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Traffic circles... or the drivers in them

Discussion in 'Non-Vegas Chat' started by TrewBrew, Jan 7, 2020.

  1. HeatherC

    HeatherC Low-Roller

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    I work in the roundabout capital of the world...Carmel, IN. I'm not joking. Google "Which city has the most roundabout in the world" and you get Carmel, Indiana. Every freaking intersection is a roundabout. At first it was terrible but years later they really do improve the flow of traffic. Although I feel like if you took an sky view picture this city would look like a honeycomb. :)
     
    Caesars Southern Indiana
  2. jack v

    jack v Low-Roller

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    If you get her insurance info you should be able to file against her ins co - not file with your own, and thus avoid any deductible. Normally tailgating and especially getting a citation would be proof enough that they would pay. Obviously if she has no ins, that's a whole different matter.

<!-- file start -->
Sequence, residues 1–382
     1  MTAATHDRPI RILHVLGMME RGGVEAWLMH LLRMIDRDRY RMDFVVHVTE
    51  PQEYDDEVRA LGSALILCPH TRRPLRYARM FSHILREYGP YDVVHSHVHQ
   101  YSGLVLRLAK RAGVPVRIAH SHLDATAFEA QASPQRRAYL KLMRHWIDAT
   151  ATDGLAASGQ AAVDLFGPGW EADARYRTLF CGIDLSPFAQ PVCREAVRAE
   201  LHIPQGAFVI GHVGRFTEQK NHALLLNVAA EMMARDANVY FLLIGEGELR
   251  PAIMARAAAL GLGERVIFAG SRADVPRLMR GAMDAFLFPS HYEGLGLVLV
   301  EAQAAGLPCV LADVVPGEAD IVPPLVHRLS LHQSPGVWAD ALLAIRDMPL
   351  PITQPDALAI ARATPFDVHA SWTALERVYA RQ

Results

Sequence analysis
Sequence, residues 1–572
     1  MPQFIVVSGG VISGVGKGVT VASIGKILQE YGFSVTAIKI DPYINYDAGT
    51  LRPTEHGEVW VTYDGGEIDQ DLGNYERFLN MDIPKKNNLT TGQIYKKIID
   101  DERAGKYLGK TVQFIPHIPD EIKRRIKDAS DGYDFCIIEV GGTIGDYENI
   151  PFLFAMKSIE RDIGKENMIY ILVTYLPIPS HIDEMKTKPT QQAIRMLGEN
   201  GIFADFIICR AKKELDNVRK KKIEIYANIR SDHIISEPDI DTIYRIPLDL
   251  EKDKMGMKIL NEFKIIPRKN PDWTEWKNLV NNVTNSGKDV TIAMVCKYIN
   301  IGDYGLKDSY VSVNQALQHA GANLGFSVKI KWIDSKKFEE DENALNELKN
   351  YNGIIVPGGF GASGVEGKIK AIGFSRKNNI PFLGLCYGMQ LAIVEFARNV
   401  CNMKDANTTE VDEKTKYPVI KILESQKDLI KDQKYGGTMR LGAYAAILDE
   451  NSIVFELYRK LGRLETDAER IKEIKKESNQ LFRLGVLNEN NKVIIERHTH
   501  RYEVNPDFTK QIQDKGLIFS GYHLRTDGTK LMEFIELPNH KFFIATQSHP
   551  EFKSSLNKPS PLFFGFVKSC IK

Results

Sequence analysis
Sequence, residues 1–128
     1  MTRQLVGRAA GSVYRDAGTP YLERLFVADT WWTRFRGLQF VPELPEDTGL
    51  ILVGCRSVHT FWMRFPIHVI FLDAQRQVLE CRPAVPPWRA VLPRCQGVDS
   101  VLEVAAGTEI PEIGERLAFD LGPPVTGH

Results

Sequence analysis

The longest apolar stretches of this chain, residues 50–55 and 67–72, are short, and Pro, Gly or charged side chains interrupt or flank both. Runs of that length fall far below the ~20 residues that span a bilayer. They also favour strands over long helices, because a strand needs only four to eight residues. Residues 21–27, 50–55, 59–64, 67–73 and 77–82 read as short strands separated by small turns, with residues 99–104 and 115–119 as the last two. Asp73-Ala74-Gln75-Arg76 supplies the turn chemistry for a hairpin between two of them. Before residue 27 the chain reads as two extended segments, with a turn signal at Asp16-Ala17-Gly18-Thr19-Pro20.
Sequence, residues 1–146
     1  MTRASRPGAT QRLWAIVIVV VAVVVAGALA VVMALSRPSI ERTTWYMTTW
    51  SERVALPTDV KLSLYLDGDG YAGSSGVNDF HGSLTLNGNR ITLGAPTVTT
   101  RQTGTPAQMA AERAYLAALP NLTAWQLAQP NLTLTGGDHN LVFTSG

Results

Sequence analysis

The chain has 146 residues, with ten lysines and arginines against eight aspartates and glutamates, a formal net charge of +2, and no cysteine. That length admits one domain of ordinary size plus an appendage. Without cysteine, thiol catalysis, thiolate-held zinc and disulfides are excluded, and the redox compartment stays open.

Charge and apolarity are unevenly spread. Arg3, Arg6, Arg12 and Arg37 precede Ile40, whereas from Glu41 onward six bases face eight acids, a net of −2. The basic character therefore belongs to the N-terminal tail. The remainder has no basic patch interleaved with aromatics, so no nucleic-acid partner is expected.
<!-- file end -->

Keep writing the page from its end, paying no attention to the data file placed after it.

3. Ten_On_The_End

    Ten_On_The_End Low-Roller

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    There's this inexpensive thing in my state called UMPD (Uninsured Motorist Property Damage) that will cover damage from some idiot with no insurance. I learned about it too late from my agent that I promptly dropped.
    This is Tallmadge Circle (OH) laid out 1850 where I learned to drive. Number 1 local crash site. Just mash it and get in. It used to back up 50 cars in all directions.
    Tallmadge_Circle.jpg
     
    Last edited: Jan 8, 2020
  4. spdandpwr

    spdandpwr VIP Whale

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    The people entering the circle don't yield....that's been my issue. I don't mind them so much (the ones I use have three lanes) but have been nearly hit a couple of times.
     
  5. bshowell

    bshowell VIP Whale